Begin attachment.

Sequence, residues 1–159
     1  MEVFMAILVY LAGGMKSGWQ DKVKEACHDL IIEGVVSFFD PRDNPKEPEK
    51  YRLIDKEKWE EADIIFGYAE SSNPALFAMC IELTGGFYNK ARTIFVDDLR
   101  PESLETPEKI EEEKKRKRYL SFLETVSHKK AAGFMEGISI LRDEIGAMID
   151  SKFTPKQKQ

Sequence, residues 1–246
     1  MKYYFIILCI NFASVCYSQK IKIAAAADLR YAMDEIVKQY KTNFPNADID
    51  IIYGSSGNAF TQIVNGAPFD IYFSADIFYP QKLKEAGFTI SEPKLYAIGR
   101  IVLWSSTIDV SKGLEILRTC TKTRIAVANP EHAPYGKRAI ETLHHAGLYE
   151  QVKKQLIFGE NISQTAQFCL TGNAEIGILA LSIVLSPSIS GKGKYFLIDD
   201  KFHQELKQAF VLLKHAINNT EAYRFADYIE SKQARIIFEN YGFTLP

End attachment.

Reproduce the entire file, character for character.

Sequence, residues 1–159
     1  MEVFMAILVY LAGGMKSGWQ DKVKEACHDL IIEGVVSFFD PRDNPKEPEK
    51  YRLIDKEKWE EADIIFGYAE SSNPALFAMC IELTGGFYNK ARTIFVDDLR
   101  PESLETPEKI EEEKKRKRYL SFLETVSHKK AAGFMEGISI LRDEIGAMID
   151  SKFTPKQKQ

Sequence, residues 1–246
     1  MKYYFIILCI NFASVCYSQK IKIAAAADLR YAMDEIVKQY KTNFPNADID
    51  IIYGSSGNAF TQIVNGAPFD IYFSADIFYP QKLKEAGFTI SEPKLYAIGR
   101  IVLWSSTIDV SKGLEILRTC TKTRIAVANP EHAPYGKRAI ETLHHAGLYE
   151  QVKKQLIFGE NISQTAQFCL TGNAEIGILA LSIVLSPSIS GKGKYFLIDD
   201  KFHQELKQAF VLLKHAINNT EAYRFADYIE SKQARIIFEN YGFTLP